Merck known as MSD outside the United States and Canada, announced today presentations at the upcoming Alzheimer’s Association International Conference (AAIC) being held in Vancouver, British Columbia, Canada on July 14-19, 2012.
At the conference, Merck scientists are scheduled to present results from multiple preclinical and clinical studies investigating the safety and efficacy of ß-amyloid precursor protein site cleaving enzyme (BACE) inhibitors, including MK-8931, the company’s lead compound currently being investigated as a potential treatment for Alzheimer’s disease.
“The prevalence of Alzheimer’s disease is growing rapidly due to the aging population, creating an unsustainable burden on patients, caregivers and the economy,” said Darryle D. Schoepp, Ph.D., senior vice president and head of Neuroscience and Ophthalmology franchise, Merck Research Laboratories. “Merck is committed to discovering and developing novel medicines to treat neurodegenerative brain diseases, such as Alzheimer’s and dementia, and is focused on rapidly advancing its BACE inhibitor program.”
Select Merck presentations at AAIC include:
July 15, 2012
P1-221: Safety and pharmacokinetics of the novel BACE inhibitor MK-8931 in healthy subjects following single and multiple dose administration.
P1-225: A study to evaluate the pharmacokinetics and pharmacodynamics of single and multiple oral doses of the novel BACE inhibitor MK-8931 in Japanese subjects.
P1-229:Population pharmacokinetic modeling of the novel BACE inhibitor MK-8931 following single and multiple dose administration in healthy subjects.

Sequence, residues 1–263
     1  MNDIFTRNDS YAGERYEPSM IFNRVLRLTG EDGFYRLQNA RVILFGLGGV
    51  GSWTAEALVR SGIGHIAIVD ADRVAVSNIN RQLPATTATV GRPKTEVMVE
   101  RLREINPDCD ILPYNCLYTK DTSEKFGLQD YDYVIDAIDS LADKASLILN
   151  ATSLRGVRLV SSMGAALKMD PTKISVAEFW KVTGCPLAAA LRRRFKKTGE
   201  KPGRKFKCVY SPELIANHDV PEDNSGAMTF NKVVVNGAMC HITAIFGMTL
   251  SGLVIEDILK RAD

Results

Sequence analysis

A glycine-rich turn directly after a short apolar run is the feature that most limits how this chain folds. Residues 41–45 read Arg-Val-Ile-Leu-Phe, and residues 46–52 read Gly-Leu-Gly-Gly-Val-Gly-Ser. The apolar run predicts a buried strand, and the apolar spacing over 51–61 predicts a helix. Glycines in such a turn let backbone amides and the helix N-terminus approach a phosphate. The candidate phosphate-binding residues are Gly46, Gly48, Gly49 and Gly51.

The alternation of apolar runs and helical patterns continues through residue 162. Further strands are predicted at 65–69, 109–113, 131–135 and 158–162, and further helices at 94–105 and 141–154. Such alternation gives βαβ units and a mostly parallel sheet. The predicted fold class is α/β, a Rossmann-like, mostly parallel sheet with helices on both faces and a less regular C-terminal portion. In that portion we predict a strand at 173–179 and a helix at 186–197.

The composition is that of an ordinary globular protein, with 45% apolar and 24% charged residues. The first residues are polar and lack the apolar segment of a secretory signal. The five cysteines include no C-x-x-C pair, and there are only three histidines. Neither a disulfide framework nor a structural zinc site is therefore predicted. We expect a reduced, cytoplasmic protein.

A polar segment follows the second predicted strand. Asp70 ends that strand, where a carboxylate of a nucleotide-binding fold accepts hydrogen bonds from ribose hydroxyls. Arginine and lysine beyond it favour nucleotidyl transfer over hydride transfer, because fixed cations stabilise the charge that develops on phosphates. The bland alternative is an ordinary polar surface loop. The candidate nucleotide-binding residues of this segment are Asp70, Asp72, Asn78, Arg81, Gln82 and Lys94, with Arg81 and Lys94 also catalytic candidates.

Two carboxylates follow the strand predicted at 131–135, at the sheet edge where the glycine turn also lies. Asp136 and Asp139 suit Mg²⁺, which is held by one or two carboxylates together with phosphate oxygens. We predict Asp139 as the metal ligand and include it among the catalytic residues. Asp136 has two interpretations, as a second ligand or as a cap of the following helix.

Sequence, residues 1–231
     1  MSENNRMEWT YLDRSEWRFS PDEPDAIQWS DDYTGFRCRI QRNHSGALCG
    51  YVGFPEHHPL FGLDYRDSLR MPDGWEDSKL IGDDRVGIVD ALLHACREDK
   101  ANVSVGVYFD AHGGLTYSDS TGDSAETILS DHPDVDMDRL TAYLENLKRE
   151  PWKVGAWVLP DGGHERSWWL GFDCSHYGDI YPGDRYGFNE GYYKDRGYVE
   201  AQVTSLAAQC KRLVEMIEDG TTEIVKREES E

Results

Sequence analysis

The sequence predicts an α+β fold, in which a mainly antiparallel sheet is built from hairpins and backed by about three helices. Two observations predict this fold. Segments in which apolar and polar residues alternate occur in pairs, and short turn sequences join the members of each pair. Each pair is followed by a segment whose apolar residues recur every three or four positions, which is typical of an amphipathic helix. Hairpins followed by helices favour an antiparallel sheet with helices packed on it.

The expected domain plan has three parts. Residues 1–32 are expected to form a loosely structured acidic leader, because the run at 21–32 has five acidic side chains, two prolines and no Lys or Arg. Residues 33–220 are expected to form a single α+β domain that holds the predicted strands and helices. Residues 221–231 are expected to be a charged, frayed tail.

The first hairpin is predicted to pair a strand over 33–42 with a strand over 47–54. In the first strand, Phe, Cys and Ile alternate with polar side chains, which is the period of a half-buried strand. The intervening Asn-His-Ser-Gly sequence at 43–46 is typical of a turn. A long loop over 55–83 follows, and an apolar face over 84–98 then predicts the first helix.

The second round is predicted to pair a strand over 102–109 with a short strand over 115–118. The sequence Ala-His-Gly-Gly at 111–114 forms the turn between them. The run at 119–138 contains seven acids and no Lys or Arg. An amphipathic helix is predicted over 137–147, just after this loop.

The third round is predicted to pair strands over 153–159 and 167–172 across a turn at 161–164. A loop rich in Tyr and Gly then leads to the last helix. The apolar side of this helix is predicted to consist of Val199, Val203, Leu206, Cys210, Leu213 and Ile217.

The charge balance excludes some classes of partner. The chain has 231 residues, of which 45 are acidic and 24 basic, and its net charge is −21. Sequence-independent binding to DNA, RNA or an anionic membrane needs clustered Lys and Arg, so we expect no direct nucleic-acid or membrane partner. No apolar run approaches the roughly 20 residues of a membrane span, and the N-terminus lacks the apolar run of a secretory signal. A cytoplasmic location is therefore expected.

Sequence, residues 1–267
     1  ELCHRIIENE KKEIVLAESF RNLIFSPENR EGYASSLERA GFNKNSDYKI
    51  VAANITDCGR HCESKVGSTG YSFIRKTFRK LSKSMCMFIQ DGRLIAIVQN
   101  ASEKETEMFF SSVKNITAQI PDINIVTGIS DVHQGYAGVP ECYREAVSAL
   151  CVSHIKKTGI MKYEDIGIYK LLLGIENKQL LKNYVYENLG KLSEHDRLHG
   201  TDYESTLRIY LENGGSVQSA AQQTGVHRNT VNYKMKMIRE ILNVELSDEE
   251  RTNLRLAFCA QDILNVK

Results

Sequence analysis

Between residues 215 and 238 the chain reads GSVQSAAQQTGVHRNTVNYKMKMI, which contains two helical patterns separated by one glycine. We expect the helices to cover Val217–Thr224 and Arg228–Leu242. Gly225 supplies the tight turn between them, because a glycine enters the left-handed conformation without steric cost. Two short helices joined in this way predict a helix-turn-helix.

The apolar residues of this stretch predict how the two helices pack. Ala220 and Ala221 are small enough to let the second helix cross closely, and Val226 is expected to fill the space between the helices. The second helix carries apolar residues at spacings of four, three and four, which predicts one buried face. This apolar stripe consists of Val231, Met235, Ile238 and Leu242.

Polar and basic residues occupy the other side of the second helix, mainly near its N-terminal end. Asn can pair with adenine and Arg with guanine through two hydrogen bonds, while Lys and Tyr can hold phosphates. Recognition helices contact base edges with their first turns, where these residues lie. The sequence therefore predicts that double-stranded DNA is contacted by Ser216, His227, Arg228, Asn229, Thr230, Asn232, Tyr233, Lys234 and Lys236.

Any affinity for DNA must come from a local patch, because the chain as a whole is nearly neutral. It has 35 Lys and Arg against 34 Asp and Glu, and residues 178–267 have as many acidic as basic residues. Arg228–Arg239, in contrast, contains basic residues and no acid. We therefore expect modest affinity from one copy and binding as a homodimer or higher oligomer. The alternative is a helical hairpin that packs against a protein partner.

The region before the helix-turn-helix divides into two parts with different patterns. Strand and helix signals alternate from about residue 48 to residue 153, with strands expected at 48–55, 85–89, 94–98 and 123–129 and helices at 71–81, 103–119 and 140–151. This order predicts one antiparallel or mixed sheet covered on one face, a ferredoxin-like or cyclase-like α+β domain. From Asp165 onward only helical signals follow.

July 18, 2012
P4-196: The novel BACE inhibitor MK-8931 dramatically lowers CSF Abeta peptides in healthy subjects following single and multiple dose administration.
Earlier this year, Merck disclosed the results of a two part randomized, double-blind, placebo-controlled single dose study evaluating the safety and tolerability of MK-8931 in 40 healthy adults 18 to 45 years of age. Single doses of MK-8931 were associated with marked reductions in amyloid beta peptide concentration levels with a mean reduction from baseline of up to 92 percent. MK-8931 was generally well tolerated in these healthy subjects with no serious adverse events and no study discontinuations. Adverse events were generally mild to moderate in intensity and transient in duration and included headache (57 percent and 50 percent), nasal congestion (23 percent and 30 percent) and dizziness (20 percent and 40 percent, for MK-8931 and placebo respectively).
The amyloid hypothesis predicts that abnormal accumulation of amyloid-ß peptide is a central event in the progression of Alzheimer’s disease. The enzyme BACE is a key enzyme in the initiation of synthesis of amyloid ß peptide. Inhibition of BACE is therefore believed to provide a promising means for therapeutic intervention in Alzheimer’s disease.
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